As some in Europe won Turkish support this week for the Nabucco gas pipeline, the spotlight is once again on those closing ranks, chyming in and pointing fingers in the politics of pipelines.
With the prime ministers of Austria, Bulgaria, Hungary and Romania signing up fellow transit country Turkey on Monday, a hurdle was cleared in what those who would benefit from Nabucco say is a lifeline to replace “unreliable” Russian supplies. Machiavellian geopolitics never go away, and CNN — which, through Time Warner sits on the U.S. Council on Foreign Relations — repeated the knock on "unreliable" Russian gas through the “noise” of our times’s information super-highway.
Though the industry needs every pipeline project possible, and International Energy Agency director Nabuo Tanaka was shown on CNN saying pipelines help consumers, the trumpeting of some projects and the trashing of others continues in Brussels, London and Washington.
The Nabucco line is an $8 billion, 3,000-kilometre undertaking from Azeri and ostensibly Iranian fields that’ll begin by crossing earthquake-prone Turkey before traversing the anchor-ploughed Bosporous on its way through the Eastern Balkans to a wealth centre north of Vienna. No gas is expected before 2014, when large Caspian fields are expected to produce export volumes.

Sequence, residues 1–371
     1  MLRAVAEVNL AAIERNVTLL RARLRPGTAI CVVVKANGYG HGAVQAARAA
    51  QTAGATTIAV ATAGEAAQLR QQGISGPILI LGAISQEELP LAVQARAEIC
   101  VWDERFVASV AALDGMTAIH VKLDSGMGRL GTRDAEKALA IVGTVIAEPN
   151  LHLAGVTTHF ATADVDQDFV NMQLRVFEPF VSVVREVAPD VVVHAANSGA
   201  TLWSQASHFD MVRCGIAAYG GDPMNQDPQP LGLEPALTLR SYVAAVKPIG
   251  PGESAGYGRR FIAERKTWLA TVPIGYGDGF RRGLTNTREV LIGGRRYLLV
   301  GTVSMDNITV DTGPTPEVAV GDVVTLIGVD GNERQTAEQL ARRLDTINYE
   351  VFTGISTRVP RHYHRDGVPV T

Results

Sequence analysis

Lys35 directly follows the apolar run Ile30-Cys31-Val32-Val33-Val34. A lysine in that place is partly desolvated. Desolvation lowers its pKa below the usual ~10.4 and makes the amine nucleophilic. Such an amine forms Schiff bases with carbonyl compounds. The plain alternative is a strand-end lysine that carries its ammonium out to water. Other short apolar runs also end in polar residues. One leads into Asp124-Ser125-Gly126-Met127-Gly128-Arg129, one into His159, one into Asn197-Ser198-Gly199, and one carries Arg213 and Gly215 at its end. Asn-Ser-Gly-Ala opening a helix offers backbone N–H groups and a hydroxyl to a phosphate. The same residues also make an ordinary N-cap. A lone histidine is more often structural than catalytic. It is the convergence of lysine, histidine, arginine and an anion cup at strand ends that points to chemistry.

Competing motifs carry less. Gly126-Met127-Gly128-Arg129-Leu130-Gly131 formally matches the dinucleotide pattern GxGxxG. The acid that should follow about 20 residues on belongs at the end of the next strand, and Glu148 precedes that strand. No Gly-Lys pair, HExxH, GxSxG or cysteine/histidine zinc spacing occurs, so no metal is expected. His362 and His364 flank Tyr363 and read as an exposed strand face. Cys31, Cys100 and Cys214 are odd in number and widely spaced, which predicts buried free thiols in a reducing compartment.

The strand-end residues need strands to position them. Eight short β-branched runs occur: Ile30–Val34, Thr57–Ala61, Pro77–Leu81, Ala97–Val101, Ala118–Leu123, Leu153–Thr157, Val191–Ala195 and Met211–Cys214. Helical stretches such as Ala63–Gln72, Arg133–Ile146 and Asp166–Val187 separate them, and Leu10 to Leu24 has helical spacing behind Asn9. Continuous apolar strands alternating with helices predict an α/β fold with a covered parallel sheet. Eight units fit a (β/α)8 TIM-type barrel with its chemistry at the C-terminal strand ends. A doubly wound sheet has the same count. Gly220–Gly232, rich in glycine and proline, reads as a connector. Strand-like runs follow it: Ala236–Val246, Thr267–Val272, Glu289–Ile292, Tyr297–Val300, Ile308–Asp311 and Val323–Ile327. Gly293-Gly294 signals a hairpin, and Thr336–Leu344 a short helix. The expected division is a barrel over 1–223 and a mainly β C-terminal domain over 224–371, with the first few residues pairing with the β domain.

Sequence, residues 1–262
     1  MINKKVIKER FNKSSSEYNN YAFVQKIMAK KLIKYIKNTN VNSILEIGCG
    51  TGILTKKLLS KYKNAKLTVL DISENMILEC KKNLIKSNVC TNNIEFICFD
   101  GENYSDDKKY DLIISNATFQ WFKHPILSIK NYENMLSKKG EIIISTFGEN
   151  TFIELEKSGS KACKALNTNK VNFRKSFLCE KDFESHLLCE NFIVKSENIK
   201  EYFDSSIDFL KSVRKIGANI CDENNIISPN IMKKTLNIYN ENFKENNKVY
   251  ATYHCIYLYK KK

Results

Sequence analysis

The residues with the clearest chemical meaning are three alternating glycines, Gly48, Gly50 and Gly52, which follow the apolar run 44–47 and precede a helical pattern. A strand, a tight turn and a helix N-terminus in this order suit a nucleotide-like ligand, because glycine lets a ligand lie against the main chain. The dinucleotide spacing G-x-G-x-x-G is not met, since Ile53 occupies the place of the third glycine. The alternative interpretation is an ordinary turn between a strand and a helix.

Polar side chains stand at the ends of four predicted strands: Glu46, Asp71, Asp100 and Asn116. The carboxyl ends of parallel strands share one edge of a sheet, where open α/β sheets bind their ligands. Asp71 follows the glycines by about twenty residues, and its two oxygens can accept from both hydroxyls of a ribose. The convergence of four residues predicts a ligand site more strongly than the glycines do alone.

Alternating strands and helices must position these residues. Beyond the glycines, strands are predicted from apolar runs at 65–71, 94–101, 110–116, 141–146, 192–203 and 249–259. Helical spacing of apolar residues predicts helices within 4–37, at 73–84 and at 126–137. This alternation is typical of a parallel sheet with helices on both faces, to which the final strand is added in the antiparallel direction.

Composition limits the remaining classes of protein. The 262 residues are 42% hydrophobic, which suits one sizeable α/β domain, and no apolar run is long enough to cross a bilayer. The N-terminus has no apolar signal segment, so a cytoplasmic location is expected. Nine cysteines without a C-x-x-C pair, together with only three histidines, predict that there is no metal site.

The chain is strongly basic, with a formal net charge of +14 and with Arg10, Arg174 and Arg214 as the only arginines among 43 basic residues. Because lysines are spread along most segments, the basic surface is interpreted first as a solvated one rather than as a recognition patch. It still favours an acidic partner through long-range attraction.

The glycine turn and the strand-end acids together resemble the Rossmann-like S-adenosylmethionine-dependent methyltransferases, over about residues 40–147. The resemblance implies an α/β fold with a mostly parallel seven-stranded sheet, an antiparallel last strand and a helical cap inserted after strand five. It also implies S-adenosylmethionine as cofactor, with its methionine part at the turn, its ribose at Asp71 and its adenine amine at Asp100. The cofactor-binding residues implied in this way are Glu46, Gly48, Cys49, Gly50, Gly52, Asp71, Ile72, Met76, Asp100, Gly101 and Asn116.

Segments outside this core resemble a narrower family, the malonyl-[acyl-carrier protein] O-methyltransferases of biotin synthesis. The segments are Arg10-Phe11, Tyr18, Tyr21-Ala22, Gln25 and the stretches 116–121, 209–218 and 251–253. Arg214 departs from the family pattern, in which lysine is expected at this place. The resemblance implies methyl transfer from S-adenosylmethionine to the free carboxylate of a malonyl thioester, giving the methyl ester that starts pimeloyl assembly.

Nabucco’s “rival” is Russia’s South Stream pipeline from the Caspian region across Bulgaria, northern Greece and onwards to the heel of Italy. Though not under the West’s boot like the Russo-German Nord Stream pipeline planned for the Baltic Sea, South Stream could face played politics over its Black Sea route, although tanker anchors and severe earthquakes are less an area problem.
While a recent explosion in a Turkmenistan pipeline carrying Russian gas is another “example” of Russian supply disruptions, tensions between 1990’s belligerents Azerbaijan and Armenia and local power Turkey and its Kurds have never fully subsided. And although supply disruptions, explosions and fire rocked the British-backed Baku-Tiblisi-Ceyhan oil pipeline recently, supply was never declared "unreliable".
In Nabucco versus South Stream, shades of Nord Stream versus Skanled appear. In the latter, Sweden and Baltic States geopolitics have given plans for sub-sea gas to Northern Europe a queer red card — an environment card — although the best Western experts and technology are behind Nord Stream, and tanker anchors and earthquakes are not what they are crossing the Bosporous.
Skanled, a plan for a new pipeline from Norway to southwest Sweden and Denmark has been shelved, at least while Sweden “processes” Nord Stream’s environmental impact statements.
Meanwhile, rich Barents Sea and Siberian resources await what should be a profitable northern pipeline for all involved, much like the promise of Nabucco.